Serum albumin is a protective bacterial growth factor; by binding traces of fatty acid in the media it permits initiation of growth by the smallest possible inocula of tubercle bacilli. Each molecule of albumin binds 3 to 6 molecules of oleic acid (1 to 2 per cent of the weight of the albumin) tightly enough to prevent bacteriostasis, and 9 molecules of oleic acid in equilibrium with a saturated neutral solution. The property requires undenatured albumin. Crystalline ß-lactoglobulin has a smaller capacity, and a number of other proteins no perceptible capacity to bind oleic acid.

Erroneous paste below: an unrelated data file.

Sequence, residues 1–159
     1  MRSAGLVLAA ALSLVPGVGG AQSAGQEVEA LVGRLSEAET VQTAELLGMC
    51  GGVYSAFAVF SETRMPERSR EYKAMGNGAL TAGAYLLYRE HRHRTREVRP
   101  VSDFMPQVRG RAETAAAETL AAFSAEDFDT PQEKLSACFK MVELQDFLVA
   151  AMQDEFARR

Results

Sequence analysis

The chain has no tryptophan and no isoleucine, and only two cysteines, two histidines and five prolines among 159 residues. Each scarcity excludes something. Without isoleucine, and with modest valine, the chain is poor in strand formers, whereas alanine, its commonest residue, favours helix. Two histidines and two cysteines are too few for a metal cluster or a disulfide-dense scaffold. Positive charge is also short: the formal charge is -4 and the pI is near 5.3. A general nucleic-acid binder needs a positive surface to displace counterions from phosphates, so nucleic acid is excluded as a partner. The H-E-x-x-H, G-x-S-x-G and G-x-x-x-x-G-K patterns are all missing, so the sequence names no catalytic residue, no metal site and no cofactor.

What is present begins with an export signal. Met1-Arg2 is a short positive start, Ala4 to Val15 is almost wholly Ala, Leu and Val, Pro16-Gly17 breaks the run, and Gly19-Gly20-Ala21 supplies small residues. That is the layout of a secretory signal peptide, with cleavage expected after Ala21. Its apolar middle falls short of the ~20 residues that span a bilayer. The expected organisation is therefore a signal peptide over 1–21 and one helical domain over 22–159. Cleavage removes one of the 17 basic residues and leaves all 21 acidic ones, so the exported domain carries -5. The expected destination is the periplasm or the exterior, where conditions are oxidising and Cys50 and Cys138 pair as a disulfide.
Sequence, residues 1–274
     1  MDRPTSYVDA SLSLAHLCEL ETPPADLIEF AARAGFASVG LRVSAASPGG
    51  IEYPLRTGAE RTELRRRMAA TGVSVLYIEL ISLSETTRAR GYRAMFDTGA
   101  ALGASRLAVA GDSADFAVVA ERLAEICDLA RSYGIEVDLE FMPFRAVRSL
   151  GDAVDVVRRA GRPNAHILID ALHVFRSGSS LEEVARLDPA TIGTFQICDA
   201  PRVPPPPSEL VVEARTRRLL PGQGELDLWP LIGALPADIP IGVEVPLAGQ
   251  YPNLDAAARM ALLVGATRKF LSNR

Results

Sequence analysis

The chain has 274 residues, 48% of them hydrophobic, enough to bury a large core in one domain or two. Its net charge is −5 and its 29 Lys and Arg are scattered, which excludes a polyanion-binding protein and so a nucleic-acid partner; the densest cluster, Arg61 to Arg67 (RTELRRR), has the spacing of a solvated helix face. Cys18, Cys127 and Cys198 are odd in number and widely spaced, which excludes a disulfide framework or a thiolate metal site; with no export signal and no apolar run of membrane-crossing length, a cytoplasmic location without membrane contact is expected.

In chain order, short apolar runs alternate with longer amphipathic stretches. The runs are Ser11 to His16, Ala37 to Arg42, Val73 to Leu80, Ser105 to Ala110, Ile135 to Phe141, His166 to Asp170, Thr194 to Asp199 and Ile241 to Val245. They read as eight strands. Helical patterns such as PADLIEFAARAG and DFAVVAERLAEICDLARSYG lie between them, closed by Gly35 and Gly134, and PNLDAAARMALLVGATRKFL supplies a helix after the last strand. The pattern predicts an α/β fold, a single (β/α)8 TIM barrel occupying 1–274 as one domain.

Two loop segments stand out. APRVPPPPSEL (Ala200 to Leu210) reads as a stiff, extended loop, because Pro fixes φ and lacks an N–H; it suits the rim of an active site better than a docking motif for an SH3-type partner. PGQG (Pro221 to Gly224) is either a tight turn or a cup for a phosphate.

The inhibitory effect of the commercial product Tween 80 (polyoxyethylene sorbitan monooleate) on the growth of small inocula of tubercle bacilli in liquid media is caused by its content of unesterified oleic acid (0.6 per cent by weight). Purified Tween 80, freed of this contaminating fatty acid, not only permits growth of small inocula, but protects against small amounts of added oleic acid.
The implications of the binding capacity of albumin for its possible physiological significance in the animal body (transport; protection against cytotoxins), and for the structure of the protein, are briefly discussed.